The program, in which no method of coercion is exercised, accepts groupsof no more than fifteen voluntary patients. The location is a five acrepark bordered by a river, just outside the city of Tarapoto, in thePeruvian High Amazon, in the piedmont of the Andes (Mabit, Giove, Vega,1996).
The therapy is based on a three-part method which includes the use of theplants, psychotherapy, and community life. The guided experiences ofaltered consciousness generate psychological material which issubsequently discussed and evaluated in the psychotherapy workshops andthen directed towards expression in community life. In reverse, everydayactivities supplement the therapeutic sessions (with or without plants).
The initial use of purifying, sedative, and purgative plants reduceswithdrawal syndromes, rendering any return to prescription medicationduring the stay unnecessary. Then, the psychoactive plants intervene,powerfully facilitating the psychotherapy. From the brief sessions to theeight day isolation in the forest with rigorous rules pertaining to food,sex, external contacts and daily activities, each ingestion ofpsychoactive plants is governed by specific conditions. Each session isalso facilitated by a trained therapist, and clearly inscribed into aprecise and rigorous symbolic frame, which improves the chance of successfor the session and its subsequent integration into the subject’s life.

These techniques permit the exploration of buried memories and there-emergence of censured situations or events. These “revelations” bothrelieve the addict’s conscience and motivate him to face his sickness. Atemporary reduction of critical functions and discriminations facilitatesthe cathartic expression of emotions. These experiences, with the help ofpsychotherapeutic work, may then correct the defective formation of thesubject’s emotional expressions and ideals. By plunging under the veils ofordinary consciousness and unblocking the paths of access to the deep Ego,this exploration of the subject’s interior universe brings out richmaterial, in contrast to these patients’ often insufficient symbolization.During the subsequent sessions, the subject will learn to translate and tointerpret this material in order to explore subsequent dreams on his own.Dream life is stimulated by these practices, also benefiting the patient.One also observes an acceleration of cognitive processes and anamplification of the attention-span and of the depth of mentalconcentration. The clearly defined context, supplemented by a carefullyregulated lifestyle, invites the resident to implement the knowledgeobtained by this work. Hence, the space constitutes a laboratory in whichthe residents are at once the observers and the subjects of theirobservation. The medicinal plants play the central psychotherapeutic role,while caretakers offer guidance and security. The users are guided intoliminal, or symbolically transitional, experiences in which they visittheir interior gods and demons. These experiences simultaneously involvethe subject’s psychological state, the whole range of emotionalsensations, and the spectrum of his psychological perceptions. In theseexperiences, existential questions may come to light and demand an engagedresponse. The guided and cathartic process can help the individual totranscend his or her ordinary mindset and access somatic memories. In thebest cases, the individual is able to transcend the Ego, which can allow ahealthy deflation of the Ego, a reconciliation with human nature, and anacceptance of our modest inscription in time and in matter, which isnevertheless exciting because of its perceived meaning. In other words,this is a process of initiation; it is a semantic experience which carriesmeaning that can respond to the chaotic and disorderly quest of the drugaddict, which may be seen as a path of counter-initiation or as a savageinitiation (Mabit, 1993). This therapeutic method does not, then, simplyfocus on abstinence, but also offers an adequate alternative. Thisalternative method, which respects altered states of consciousness, isable to respond to the drug addict’s quest by furnishing it with clearends and with non-dangerous means to reach them. This process supposes aninternal structural change which goes beyond the palliative of a simpleexternal behavioral change, which is never totally satisfying and mostoften ineffective.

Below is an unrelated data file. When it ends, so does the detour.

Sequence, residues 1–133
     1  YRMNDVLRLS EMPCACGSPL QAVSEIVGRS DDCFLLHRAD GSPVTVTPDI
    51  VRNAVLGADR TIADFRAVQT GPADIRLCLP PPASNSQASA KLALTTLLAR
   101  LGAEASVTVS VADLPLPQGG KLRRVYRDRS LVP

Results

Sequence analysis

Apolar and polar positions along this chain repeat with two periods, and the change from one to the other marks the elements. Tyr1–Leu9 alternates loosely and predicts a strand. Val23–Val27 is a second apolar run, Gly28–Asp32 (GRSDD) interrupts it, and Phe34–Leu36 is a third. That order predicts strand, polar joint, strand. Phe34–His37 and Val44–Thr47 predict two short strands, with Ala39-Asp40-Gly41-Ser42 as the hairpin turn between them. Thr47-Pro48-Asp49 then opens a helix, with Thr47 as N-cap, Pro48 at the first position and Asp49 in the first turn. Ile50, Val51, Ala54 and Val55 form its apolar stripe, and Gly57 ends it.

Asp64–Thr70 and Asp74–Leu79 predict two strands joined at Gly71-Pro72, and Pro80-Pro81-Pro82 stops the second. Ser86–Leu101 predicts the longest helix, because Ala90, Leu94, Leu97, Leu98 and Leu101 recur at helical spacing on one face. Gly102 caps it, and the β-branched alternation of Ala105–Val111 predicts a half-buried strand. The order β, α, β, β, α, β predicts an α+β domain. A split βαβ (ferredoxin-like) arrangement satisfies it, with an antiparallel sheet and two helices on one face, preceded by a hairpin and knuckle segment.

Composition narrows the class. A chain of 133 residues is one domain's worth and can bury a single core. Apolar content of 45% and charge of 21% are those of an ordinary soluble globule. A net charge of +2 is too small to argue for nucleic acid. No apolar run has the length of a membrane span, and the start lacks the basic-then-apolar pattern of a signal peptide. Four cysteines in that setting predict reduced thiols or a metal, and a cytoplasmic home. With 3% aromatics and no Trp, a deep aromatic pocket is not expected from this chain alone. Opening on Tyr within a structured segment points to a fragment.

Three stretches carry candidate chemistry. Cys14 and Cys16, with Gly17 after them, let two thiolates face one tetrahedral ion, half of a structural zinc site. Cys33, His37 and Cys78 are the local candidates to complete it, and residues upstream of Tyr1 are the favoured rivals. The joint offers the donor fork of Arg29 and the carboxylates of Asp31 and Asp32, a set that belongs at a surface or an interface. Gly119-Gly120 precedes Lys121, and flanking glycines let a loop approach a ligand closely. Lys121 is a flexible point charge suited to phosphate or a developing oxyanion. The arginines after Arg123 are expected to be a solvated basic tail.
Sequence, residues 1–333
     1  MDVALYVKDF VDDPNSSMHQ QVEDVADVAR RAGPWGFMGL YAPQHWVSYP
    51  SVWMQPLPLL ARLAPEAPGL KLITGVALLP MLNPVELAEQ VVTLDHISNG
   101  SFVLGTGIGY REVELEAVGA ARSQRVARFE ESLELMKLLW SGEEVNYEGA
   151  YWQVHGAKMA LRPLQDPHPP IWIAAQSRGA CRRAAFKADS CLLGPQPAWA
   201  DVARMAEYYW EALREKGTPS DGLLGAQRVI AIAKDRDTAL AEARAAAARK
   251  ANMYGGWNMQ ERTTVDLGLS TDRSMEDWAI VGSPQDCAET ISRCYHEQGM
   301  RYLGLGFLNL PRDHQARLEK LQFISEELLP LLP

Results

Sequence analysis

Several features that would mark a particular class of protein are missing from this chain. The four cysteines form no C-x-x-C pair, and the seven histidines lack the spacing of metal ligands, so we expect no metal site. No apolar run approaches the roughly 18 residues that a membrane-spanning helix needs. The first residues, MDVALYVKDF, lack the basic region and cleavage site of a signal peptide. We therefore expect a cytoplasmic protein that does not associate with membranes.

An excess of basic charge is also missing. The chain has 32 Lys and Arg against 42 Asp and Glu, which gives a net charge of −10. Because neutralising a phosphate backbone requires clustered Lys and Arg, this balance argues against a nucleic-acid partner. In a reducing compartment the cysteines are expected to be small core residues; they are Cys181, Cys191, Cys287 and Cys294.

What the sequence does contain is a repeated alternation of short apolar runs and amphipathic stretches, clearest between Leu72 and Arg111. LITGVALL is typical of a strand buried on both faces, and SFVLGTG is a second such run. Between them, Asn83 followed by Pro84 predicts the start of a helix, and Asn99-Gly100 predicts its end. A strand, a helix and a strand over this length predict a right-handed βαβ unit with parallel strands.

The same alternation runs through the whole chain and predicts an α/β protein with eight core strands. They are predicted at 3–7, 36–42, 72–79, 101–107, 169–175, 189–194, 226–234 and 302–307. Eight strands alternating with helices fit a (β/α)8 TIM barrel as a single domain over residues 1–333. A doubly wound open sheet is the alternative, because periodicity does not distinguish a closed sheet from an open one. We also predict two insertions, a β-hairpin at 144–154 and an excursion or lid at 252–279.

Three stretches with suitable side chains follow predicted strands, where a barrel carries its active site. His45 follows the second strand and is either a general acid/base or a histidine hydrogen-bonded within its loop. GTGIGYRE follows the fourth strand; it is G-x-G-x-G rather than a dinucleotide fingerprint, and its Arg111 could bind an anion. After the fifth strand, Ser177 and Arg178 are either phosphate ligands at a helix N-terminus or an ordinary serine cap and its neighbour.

The duration of the stay is, in general, nine months, and the follow-up isideally two years. The centre has received patients of all social andcultural origins. The techniques, which mainly demand self-explorationthrough the senses, do not require any analytic verbalization orintegration, which represents an enormous therapeutic advantage. One mayeven say that these experiences of altered consciousness give access toineffable, inexpressible trans-verbal spaces, which are as muchpre-logical or infra-verbal as they are ecstatic or supra-verbal. Here,the local alcoholic peasant meets the European college student dependenton pot, the urban bourgeois who functions on cocaine, the dealer addictedto a cocaine-based paste, or the delinquent pathological liar who smokescrack. To the contrary of what certain theorists say, the exploration ofthe interior universe by these methods does not require that either thetherapist or the subject belong to the native culture of these practices.Rather, these practices give access to personal intra-psychical symbolswhich remain coherent to the subject and which touch depths that could becalled transcultural by virtue of reaching universal psychologicalcomplexes (love, hate, rejection, abandon, fear, peace, etc.). At the sametime, the accompanying psychotherapy allows the patient to betterunderstand the experience of the session, to integrate it, generate newquestions, and enrich the following session. We have now mastered thesetechniques ourselves, and we make use of them with patients from culturesother than our own. They are accessible to any Western therapist willingto fulfill the requirements of their long apprenticeship.